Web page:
Don't think I'll do any more rainbow cakes though.  They are just so time consuming and you have to be so careful as the colours can effect the taste and texture.

Here's a photo of some of Cerys' decoration of the cake, waiting in the box to be taken to the venue.  She really is very good!!

Finished cake... Cerys has done such an amazing job decorating this cake!

Thursday, March 13, 2014

First attempt at upside down crumb coating - March 2014

Today I have been researching the upside down frosting method.  

These are some old layers of sponge that I had frozen for just such a purpose.  They will not be eaten so please excuse the slightly odd colour combo.

I put a layer of buttercream onto waxed paper, refrigerated it slightly, then stacked layers on top.

I put a light crumb coating on.

Then a second coat.

Then a foamcore board on the top (soon to be the bottom) of the cake.  

Using this board (which is a couple of millimetres bigger than the trimmed cake layers) as a guide, I applied the top coat and made the sides perfectly 90∘ to the top.

I put the cake in the fridge for a while to set, then turned it over to reveal... oh!  Horrible!  Air holes and wrinkles completely marring the top.

Time to start again.

Take 2 
This time I made my buttercream much softer and smoothed it on in layers so avoided the air bubbles.  Much better, but the waxed paper still absorbed moisture and wrinkled leaving the buttercream with some stripes and looking rather pitted...

Take 3
This time I completely ignored the advice I'd found on line and used an acetate sheet with trex on it to make it non-stick.  A much better result.  There were a couple of air pockets still, but the overall finish was much better and I was able to fill in the air pockets very easily.  Also, it was easier to use my cake scraper as it wasn't catching the edges like it had done with the waxed paper.

Unfortunately, with all this messing around I had rather mussed up the initial finish of the sides as I had "dragged" the buttercream... well, it's only a tester so I'm not going to mess around fixing that. Even so, you can see the sharp corner the method achieved and using the board on top ensures a perfectly round cake (despite the iphone photo making it look oval).

All in all I can see the value of this method and will use it again.  I might even demo it in my classes.

Post script... 

Been practicing this now and it really is pretty good.  There are a few things to remember though.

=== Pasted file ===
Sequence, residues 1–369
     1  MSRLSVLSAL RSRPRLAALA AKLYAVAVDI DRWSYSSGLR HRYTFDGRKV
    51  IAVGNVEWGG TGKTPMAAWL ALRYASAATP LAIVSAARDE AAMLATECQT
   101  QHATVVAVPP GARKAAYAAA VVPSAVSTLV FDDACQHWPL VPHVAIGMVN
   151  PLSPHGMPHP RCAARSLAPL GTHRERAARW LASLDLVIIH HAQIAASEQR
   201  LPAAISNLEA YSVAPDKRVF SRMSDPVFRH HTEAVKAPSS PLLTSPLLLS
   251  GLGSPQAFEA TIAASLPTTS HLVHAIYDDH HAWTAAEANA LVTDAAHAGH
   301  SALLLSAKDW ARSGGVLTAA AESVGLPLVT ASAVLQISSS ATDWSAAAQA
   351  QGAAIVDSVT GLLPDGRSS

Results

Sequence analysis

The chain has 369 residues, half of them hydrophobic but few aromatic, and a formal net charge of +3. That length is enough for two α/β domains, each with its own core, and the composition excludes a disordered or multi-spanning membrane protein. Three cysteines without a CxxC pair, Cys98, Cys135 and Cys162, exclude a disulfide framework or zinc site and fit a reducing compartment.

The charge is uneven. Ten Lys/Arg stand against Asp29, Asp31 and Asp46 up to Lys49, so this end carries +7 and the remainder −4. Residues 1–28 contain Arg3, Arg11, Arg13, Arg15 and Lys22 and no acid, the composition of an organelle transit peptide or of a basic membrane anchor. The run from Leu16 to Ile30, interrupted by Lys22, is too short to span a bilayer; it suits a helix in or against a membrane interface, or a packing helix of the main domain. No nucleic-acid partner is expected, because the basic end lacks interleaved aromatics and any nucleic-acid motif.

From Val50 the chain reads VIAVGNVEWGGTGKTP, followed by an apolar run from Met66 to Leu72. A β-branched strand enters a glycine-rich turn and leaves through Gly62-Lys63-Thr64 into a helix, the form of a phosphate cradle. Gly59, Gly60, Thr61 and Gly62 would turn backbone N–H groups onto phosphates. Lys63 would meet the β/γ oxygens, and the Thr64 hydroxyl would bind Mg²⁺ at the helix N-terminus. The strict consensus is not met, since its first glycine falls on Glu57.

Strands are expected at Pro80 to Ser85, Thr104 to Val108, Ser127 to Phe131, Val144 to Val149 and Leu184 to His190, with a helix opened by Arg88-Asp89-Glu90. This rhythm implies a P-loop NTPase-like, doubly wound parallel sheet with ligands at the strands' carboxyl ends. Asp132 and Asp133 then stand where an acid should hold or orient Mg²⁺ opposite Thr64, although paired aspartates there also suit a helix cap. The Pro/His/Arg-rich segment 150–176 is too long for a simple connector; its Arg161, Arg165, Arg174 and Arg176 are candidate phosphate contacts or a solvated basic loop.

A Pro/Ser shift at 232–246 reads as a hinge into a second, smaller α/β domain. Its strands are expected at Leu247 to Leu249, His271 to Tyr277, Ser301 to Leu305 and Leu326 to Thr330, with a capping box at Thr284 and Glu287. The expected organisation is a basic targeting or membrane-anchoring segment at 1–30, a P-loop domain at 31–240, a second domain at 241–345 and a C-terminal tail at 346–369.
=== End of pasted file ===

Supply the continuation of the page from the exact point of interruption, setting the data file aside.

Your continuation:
It's important to have your top frosting really soft, almost liquid, and put on a thin layer first so you can make sure there are no air bubbles (particularly if you're not planning to cover the buttercream in fondant).  You can then add more frosting in top.  It takes quite a while for the top frosting to set hard in the centre (depending on what it's insulated by) so I make sure that the top frosting is completely hard before putting the cake on, with a little soft frosting as glue.

I'm now putting the frosting straight onto clear florist's film (food safe obviously), preferably seletaped onto a clear acetate or glass board so you can see through to spot any bubbles, but seletaped onto a cake card will work too.  Be sure to tape it on the underside so there's nothing to get in the way of your side smoothing later on.  

My other big tip is to do the sides in three coats if you're not fondanting.  You want a nice smooth surface as your final finish.  

First coat, thin crumb coat.  Second coat, thicker frosting to build up the sides. Third coat a very soft, almost liquid top coat that will coat very smoothly without dragging or air bubbles.  

Don't forget to chill it between each application.

When you peal off the florists film from the top it will have a slightly dull, slightly potted look so you can run a warmed scraper or palet knife over it to bring back the shine if necessary.

I'm sure that there are people out there who will be mystified by me doing all this, or even dismissive, but I'm looking for a really good level of finish.  If I'm going to experiment then I want it to look perfect at the end and worth the effort.

Saturday, March 08, 2014

Vagina cake (sorry!), subtitled "what the customer asked for" - March2014

There really is no accounting for taste!

Based on the amazing Debbie Brown's crying babies.

24 cupcakes to go with the giant cupcake.  
These ones feature emerging babies and monsters.  
As I said, what the customer wants...